The Line Between Reality and Fiction
by Kimberly Castillo
The Convenience of Lies is based on my own experiences, so much so that during one of the drafts I was even questioning if I should call it fiction or nonfiction.
I started writing this book with wanting to depict what really happened as closely as possible. And so, the AIM conversations the characters have throughout the story are virtually copy pasted from real conversations that actually happened. Some of the other pieces of dialogue are verbatim what the characters actually said in real life. For example, Tyler’s response to Mackenzie’s query for more poker chips in first chapter, “No! You’ve already lost all of your money, AND lost all of the money I gave you, to me.” Additionally, I drew largely from my diary in order to remember as many details as exactly as possible.
The problem with my approach was that reality does not make good stories. Reading transcriptions of a court proceeding are only so interesting. And so, at a certain point I had to break from trying to write EXACTLY what happened in order to create a story people wanted to read. Making this transition was a bit of a process in itself for me.
The first break from reality started with changing the character’s names, and I did that so that nobody could sue me for libel. With that being said, it may come as a surprise that I did not change the names in the first draft of this book because I didn’t want to confuse which character was who as I was writing it. And this alludes to my second break from reality. There were too many people in real life such that it provided too many characters and was an unnecessary distractor. And so I condensed some characters into one person. Most of the main characters were not condensed, except for Shane. He represents two people from real life. I have to admit, I mostly just used the house of one person and the personality of another. Every time I think about this I feel a little guilty. I found all the way through the last edit of the book I was discovering different ways I could condense characters, and each time I did, the story was better for it.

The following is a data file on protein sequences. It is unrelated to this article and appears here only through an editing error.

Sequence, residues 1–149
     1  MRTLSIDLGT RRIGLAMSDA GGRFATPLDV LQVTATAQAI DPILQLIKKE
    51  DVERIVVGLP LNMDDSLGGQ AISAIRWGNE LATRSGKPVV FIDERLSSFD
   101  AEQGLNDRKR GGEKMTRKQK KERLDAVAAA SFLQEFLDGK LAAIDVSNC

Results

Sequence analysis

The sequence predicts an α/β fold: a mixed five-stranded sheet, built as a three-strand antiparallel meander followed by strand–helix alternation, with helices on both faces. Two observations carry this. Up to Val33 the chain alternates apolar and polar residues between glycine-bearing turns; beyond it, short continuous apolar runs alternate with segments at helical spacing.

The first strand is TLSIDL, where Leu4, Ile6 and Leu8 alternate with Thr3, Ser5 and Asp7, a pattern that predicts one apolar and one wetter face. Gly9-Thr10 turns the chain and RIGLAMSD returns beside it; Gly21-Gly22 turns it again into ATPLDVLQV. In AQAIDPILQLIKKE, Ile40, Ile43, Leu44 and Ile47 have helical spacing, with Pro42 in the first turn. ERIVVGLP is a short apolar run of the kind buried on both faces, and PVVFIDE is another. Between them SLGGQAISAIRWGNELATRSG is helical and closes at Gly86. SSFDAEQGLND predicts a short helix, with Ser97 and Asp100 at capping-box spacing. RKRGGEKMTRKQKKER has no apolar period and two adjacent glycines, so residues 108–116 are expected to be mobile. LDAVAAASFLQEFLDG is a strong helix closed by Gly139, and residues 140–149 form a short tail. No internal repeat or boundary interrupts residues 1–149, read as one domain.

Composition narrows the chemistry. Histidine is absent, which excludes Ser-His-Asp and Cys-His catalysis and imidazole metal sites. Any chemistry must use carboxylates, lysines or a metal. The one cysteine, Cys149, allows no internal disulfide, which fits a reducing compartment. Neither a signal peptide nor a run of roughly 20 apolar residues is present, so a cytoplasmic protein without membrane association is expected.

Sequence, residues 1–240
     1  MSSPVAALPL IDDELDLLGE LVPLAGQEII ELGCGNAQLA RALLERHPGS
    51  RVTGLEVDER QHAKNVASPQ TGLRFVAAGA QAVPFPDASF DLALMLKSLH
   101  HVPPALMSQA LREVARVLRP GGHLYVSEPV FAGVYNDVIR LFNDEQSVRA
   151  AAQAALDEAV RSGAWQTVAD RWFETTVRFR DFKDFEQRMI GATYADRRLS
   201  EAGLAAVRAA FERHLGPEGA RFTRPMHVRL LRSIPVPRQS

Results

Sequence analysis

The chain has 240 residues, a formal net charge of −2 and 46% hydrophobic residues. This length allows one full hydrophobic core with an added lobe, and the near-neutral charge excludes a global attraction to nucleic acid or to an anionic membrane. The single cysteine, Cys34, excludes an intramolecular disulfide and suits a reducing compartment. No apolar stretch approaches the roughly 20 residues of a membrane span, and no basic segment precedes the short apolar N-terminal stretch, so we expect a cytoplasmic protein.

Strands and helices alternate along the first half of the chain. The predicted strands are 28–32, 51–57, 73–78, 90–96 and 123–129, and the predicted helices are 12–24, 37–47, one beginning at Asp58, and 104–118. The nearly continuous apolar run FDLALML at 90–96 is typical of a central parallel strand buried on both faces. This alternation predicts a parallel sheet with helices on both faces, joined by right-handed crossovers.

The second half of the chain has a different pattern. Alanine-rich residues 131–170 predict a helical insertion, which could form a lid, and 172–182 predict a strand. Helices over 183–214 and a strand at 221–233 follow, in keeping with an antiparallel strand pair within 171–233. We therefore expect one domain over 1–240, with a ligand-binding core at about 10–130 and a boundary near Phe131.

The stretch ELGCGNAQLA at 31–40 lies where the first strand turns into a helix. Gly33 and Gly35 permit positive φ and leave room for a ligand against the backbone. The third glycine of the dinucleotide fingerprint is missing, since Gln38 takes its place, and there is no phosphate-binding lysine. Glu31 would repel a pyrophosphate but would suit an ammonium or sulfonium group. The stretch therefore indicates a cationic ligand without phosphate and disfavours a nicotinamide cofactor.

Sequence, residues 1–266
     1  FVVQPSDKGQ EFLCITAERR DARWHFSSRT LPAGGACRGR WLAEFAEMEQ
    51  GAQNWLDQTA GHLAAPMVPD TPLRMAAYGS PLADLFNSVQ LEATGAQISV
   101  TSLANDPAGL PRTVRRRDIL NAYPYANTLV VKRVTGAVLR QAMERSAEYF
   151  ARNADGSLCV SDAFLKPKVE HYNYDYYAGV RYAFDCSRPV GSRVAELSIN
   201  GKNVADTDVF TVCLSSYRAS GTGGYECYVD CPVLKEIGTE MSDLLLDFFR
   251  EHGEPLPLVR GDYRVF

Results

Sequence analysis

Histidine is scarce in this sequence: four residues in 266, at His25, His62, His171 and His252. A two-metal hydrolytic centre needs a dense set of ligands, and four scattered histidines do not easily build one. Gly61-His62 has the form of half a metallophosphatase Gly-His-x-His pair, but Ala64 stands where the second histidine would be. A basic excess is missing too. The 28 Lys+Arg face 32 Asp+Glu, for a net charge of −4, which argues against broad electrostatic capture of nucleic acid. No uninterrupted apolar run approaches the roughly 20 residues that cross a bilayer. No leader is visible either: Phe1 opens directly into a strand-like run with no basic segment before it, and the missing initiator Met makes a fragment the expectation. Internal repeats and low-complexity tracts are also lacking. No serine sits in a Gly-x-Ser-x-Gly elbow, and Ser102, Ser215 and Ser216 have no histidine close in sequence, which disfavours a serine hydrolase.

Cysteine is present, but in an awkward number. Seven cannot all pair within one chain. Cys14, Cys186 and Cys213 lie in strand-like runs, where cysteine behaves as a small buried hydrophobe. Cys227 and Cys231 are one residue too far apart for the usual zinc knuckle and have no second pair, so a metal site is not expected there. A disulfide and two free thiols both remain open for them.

After a while I realized part of my fixation with writing about reality was because I didn’t have the confidence to write something that was completely fictional. And this was a fear I had to face when it came to writing the chapter inserts. There are four chapter inserts throughout the novel that are told through the perspective of our antagonist, The King. Initially I tried to take what is now the fourth chapter insert and break it into four parts. And so, the chapter inserts were only a few sentences long each, at most. When I handed the novel to my first pass reader, Jenica Wallman, she HATED the chapter inserts and vehemently told me I must remove them. This was when I realized I needed to overcome my fear of writing what I didn’t experience. Of course, I started this quest with what I knew best – reality. I researched the traits typically found in people who have antisocial personality to help me get inside the head of The King. Then I had to decide which crime to describe in each chapter and how to tie them all together. Now that I was armed, I felt comfortable with writing some true fiction.
The power of fiction is that it allows writers to draw connections within reality that could not be forged otherwise. And so, I found that once I embraced the fact that my book was fiction, I was free to craft a meaningful story worth telling.